by Deepak Sharma on Tuesday, December 20, 2011
For the holiday season-to-date, nearly $32 billion has been spent online, marking a 15-percent increase versus the corresponding days last year. The most recent week (week ending Dec. 18), led by four individual days surpassing $1 billion in sales, reached an all-time record of $6.3 billion in online retail spending, up 14 percent from the corresponding week last year. The final shopping weekend before Christmas reached $1.04 billion to rank as the second heaviest weekend of online spending on record.
by Deepak Sharma on Wednesday, December 14, 2011
Customers returning electronic devices will cost U.S. electronics retailers and manufacturers about $17 billion this year, an increase of about 21% from 2007, consulting company Accenture said in a new report. These costs include receiving, assessing, repairing, reboxing, restocking and reselling returned products.
The research is based in part on a survey of executives from communications carriers, consumer electronics retailing and consumer electronics manufacturing companies, which revealed that product return rates over the past three to five years have increased for more than half of the retailers (57 percent) and nearly half (43 percent) of the manufacturers surveyed. Only 13 percent of the retailers and 12 percent of the manufacturers surveyed indicated that return rates are trending downward.
However, the Accenture research also revealed a significant opportunity for the industry to cut costs and reduce the level of product returns, given that only 5 percent of returns are related to actual product defects. While 27 percent reflect “buyer’s remorse,” 68 percent of returned products ultimately are characterized as “No Trouble Found.” This means that, despite the customer perceiving a fault, no problem was detected when the item was tested against specifications set by retailers or manufacturers, according to Accenture’s new published report, titled “A Returning Problem: Reducing the Quantity and Cost of Product Returns in Consumer Electronics,” which captures key findings and insights based on the survey (www.accenture.com/product-returns-electronics).
The report also concludes that solving this No Trouble Found problem – or even reducing it slightly – could have a significant impact on the cost of returns. Accenture has calculated that a 1 percent reduction in the number of No Trouble Found cases could translate to annual savings of 4 percent in return and repair costs, or $21 million for a typical large consumer electronics manufacturer and $16 million for the average consumer electronics retailer.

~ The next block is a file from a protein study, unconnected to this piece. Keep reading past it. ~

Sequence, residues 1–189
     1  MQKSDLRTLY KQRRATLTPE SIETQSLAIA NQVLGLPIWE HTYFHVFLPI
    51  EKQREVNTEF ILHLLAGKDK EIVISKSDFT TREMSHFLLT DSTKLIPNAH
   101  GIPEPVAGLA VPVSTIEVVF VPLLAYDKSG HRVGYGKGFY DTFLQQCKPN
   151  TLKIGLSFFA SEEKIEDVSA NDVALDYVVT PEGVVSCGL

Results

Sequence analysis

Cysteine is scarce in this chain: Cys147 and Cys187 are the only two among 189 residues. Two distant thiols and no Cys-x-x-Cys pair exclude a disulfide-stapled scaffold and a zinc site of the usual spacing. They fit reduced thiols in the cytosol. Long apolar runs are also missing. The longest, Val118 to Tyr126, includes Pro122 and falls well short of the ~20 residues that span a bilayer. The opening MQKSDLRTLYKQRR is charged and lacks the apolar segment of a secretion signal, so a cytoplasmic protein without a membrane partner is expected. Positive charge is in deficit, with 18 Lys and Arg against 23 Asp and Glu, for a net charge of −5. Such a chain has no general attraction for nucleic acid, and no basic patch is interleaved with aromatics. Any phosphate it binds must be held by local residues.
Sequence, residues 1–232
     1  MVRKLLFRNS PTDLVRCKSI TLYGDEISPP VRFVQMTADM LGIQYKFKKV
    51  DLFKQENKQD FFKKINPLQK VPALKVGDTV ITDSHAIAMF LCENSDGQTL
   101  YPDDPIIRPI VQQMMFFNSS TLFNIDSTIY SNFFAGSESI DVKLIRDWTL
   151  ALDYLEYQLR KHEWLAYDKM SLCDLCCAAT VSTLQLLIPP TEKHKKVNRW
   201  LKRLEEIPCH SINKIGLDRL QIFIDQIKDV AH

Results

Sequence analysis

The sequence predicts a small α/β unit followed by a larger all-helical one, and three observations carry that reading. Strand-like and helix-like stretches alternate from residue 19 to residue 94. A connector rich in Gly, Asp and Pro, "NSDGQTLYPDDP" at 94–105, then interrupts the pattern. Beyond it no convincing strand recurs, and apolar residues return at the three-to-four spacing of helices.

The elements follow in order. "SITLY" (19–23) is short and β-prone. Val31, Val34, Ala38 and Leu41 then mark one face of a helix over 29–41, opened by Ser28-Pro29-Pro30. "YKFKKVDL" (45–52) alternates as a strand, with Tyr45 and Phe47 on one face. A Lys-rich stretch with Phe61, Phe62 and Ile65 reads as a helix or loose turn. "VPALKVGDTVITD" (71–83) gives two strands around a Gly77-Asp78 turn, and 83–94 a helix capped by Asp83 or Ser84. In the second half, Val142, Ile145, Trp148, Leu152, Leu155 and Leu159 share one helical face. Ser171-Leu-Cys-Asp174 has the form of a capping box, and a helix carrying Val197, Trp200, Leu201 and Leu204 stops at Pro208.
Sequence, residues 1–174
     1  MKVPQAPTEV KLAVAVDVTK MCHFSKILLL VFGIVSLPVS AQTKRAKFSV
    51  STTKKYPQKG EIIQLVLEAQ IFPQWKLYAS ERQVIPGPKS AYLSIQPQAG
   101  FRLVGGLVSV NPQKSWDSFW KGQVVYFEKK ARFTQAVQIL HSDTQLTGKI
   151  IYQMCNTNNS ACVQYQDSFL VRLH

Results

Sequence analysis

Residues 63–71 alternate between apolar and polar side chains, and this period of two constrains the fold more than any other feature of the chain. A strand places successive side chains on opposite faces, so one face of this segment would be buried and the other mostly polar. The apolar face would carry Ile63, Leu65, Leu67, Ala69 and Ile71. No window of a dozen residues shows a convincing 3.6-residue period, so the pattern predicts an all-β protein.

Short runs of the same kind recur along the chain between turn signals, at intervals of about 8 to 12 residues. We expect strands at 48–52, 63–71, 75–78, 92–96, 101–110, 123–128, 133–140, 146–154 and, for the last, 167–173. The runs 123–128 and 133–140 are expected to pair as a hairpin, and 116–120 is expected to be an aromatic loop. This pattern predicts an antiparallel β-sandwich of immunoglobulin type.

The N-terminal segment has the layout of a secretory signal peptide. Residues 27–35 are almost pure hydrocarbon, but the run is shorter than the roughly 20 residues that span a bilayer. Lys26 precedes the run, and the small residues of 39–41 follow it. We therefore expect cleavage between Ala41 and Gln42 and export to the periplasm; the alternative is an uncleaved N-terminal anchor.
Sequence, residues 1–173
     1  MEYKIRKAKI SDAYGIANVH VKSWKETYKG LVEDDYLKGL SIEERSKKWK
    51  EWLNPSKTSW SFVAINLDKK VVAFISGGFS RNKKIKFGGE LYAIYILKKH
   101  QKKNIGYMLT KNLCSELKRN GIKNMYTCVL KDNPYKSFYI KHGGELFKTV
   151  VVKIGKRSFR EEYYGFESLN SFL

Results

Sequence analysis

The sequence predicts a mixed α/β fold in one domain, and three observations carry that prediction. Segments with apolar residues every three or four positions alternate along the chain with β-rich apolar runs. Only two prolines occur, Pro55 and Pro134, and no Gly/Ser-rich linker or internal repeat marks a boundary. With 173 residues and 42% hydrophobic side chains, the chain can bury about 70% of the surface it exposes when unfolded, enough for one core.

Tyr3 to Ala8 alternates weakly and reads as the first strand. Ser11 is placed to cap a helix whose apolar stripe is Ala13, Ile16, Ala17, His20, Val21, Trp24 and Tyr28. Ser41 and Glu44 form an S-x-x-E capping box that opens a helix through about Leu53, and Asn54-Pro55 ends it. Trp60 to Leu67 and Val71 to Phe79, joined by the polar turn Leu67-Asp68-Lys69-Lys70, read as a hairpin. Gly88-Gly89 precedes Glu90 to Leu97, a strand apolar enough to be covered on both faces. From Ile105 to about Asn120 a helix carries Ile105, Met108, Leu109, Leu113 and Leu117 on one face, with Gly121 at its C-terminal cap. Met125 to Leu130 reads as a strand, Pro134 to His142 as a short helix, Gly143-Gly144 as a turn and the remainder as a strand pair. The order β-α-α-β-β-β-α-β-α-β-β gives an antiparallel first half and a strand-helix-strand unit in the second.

by Deepak Sharma on Thursday, December 08, 2011
Dynamics and Science behind the long queues you see at the registers.
Much of the work grows from more nuanced understandings of how people perceive waiting in line. Shoppers tend to become impatient quickly and fail to take into account key indicators of what may slow down a line. They experience remorse when they feel they've chosen the wrong (i.e. slower) line. And they prefer to choose their own line rather than wait in a single-file line for the next available register—even though that set-up has proven to be faster, research on queuing shows.
by Deepak Sharma on Sunday, December 04, 2011
comScore a leader in measuring the digital world, today reported holiday season retail e-commerce spending for the first 32 days of the November – December 2011 holiday season. For the holiday season-to-date, $18.7 billion has been spent online, marking a 15-percent increase versus the corresponding days last year. The most recent week saw three individual days eclipse $1 billion in spending, led by Cyber Monday, which became the heaviest online spending day on record at $1.25 billion. Tuesday, November 29 reached $1.12 billion, while Wednesday, November 30 reached $1.03 billion. These three billion dollar spending days currently rank as three of the four heaviest online spending days in history (with Cyber Monday 2010 being the other).Free shiping is a big factor in this surge in e-commerce spending.
2011 Holiday Season To Date vs. Corresponding Days* in 2010Non-Travel (Retail) SpendingExcludes Auctions and Large Corporate PurchasesTotal U.S. – Home & Work LocationsSource: comScore, Inc. Millions ($) 2010 2011 PercentChange November 1 – December 2 $16,257 $18,697 15% Thanksgiving Day (Nov. 24) $407 $479 18% Black Friday (Nov. 25) $648 $816 26% Thanksgiving Weekend (Nov. 26-27) $886 $1,031 16% Cyber Monday (Nov. 28) $1,028 $1,251 22% Week Ending Dec. 2 $5,164 $5,959 15%
*Corresponding days based on corresponding shopping days (November 2 thru December 3, 2010)
comScore's analysis of the incidence of free shipping used for online retail transactions shows that this incentive is being used at record levels over the first few weeks of the holiday season. Throughout the 2011 holiday season, more than half of all transactions have included free shipping with rates increasing later into the season. The week of Thanksgiving (week ending Nov. 27) saw free shipping occur on 64.4 percent of transactions, while Cyber Week has maintained a similar level at 63.2 percent.